It must also alert the server in some way, otherwise you’d get stopped at the door trying to leave. claiming, “I paid with the app,” and pleading techno dummy probably wouldn’t work.  There may also be questions in the future about whether people will cheap out on the tip because there’s no doe-eyed server standing next to them while the tab is being paid.

But that’s getting ahead of ourselves.

JOEY says the app is just as secure as any other credit card payment platform, and will be in use in their 26 locations across Western Canada, Ontario, Washington State and California. It also allows you to make reservations (it takes you to a website outside the app) and even add a gift card to apply that to your bill. You can even scan your credit card to avoid tedious typing.

JOEY is giving you $10 to try the app

Everyone that downloads the app and creates an account before April 21st, 2016 at midnight will receive a $10 gift card loaded into their profile. Feel free to spread the words with friends, family or on social as we want to give away as many gift cards as possible! The app is available on the App Store or Google Play.

Grandma & Mom’s Shortcake Recipe

Everyone has a food that reminds them of childhood, and comfort. For me, it’s this basic shortcake recipe which couldn’t be easier and basically is totally foolproof. The cake makes a perfect base for strawberry shortcake, with fresh fruit and whipped cream, or it’s great eaten on its own with coffee in the morning.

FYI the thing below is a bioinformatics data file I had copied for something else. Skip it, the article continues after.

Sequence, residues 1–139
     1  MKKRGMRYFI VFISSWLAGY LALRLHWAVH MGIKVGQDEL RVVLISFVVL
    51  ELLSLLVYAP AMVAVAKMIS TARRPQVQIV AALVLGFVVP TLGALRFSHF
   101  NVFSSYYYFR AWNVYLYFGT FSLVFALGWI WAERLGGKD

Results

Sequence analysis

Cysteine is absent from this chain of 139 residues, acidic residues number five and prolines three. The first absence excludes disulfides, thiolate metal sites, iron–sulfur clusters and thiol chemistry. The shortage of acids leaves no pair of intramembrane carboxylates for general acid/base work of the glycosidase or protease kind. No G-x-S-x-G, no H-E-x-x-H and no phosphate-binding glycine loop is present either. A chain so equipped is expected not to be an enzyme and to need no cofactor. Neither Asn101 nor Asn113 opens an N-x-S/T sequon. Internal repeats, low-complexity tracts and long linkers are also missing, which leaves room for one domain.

I love the nostalgia of having this recipe, on its food spattered recipe card, written in my mother’s hand, copied from a recipe her mother used for decades. This recipe is the real definition of tried, tested, and true!

I’d love to hear your feedback on it if you try it.

Grandma’s Shortcake

2 eggs            1 heaping tsp baking powder
1c white sugar    dash salt
1 c flour            1tsp vanilla

Scald:   ½ c milk
1 tbsp butter

Beat eggs and sugar.  Add flour mixed with baking powder and salt.  Add vanilla and milk mixture.  Bake at 350 degrees for 35-40 minutes.

Your Dad’s Likeness.. in CAKE!

superdadWhat a BEAUTIFUL and DELICIOUS idea from Calgary bakery extraordinaire!  They’ll whip up some of their delicious creamy and moist cupcakes, to look like your dad! They’re calling this, “SUPER DAD Cupcakes” for Father’s Day.

“Customize a cupcake to look like your your awesome Dad! Print the order sheet or pick one up in store. Fill out the details and send it back to us by email, fax or in person. SUPER DAD cupcakes are available individually gift wrapped  or are a great addition to an assortment of cupcakes. Please note these cupcakes are available only by pre order.”

Check out Crave Cupcakes for info and orders.  They’re a great Calgary based company.

They even created a Lanny McDonald cupcake in honour of one of Calgary’s former hockey greats!


Cookie Confessions and Peanut Butter Cup-stuffed Chocolate Chip Cookies